Question: Why are vaccines and immunizations so important?
Answer: Parents are constantly worried about their child’s health and safety and take the necessary steps needed to protect them. The utilization of child proof caps, safety latches, car seats and other devices are widely utilized to protect our children.
Vaccines can be seen as another mechanism for protecting children. Vaccines help prepare their bodies to fight serious and deadly diseases.
Babies are immune to many diseases because they have antibodies they got from their mothers. These antibodies help fight off invading bacteria and viruses. This immunity lasts only a month to about a year. In addition, young children do not have maternal immunity against some vaccine-preventable diseases, like whooping cough.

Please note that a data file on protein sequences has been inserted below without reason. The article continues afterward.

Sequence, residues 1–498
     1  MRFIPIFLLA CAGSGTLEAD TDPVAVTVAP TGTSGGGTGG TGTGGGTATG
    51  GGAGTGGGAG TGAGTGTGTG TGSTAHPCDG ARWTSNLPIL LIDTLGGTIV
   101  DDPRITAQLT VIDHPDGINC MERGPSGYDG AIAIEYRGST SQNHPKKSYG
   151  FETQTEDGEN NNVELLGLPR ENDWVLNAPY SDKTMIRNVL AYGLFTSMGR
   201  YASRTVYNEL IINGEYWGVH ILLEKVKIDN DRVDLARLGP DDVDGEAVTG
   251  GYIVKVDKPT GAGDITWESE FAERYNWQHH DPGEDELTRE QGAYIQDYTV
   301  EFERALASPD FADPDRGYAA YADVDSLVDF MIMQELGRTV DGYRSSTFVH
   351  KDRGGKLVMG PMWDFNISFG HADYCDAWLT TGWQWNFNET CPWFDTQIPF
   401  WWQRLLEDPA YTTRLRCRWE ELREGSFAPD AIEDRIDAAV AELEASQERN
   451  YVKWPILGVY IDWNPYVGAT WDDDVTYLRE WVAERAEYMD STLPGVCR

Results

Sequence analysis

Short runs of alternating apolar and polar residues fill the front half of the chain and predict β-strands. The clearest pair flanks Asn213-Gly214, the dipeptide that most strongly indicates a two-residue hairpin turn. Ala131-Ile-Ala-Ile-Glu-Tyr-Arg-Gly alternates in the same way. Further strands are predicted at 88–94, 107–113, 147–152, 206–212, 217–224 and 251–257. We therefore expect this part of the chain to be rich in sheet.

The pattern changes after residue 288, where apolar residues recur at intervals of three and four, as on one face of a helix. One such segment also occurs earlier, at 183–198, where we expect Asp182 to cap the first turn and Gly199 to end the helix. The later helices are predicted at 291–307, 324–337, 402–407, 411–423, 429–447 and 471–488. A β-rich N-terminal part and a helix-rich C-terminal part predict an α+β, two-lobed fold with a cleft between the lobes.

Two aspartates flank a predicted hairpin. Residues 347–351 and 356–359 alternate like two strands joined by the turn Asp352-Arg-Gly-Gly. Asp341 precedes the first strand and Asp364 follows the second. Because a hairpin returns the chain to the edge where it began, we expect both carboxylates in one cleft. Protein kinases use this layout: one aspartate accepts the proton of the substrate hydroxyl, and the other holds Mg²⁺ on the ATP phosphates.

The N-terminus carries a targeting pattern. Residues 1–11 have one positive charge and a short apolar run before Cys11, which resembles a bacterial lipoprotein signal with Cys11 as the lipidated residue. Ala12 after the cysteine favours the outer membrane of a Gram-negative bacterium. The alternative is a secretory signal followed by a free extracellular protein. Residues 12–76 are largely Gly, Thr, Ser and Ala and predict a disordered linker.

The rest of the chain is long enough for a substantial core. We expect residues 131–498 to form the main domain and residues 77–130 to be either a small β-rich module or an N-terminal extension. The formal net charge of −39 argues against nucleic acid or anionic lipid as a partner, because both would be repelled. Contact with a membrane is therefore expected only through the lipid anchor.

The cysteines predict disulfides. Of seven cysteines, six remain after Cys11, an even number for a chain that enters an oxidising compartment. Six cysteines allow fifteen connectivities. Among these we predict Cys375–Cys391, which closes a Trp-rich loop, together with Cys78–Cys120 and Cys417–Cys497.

If a child is not vaccinated and is exposed to a disease germ, the child’s body may not be strong enough to fight the disease. Vaccine antigens help the child’s system to produce antibodies against the disease. Through vaccination, children develop the immunity needed to safeguard them without suffering from the actual diseases that vaccines prevent.
Another benefit to immunizing children is that it helps protect those in our community who are not, or cannot be, immunized. People who are not immunized may include those too young or who cannot be vaccinated for medical reasons.
There are specific recommendations for immunization schedules for ages and diseases. Examples of vaccines include, but are not limited to: chickenpox, measles, mumps, and polio. You should consult with your child’s physician to determine the vaccine schedule appropriate for your child.
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This post originally appeared on our September/October 2011 Magazine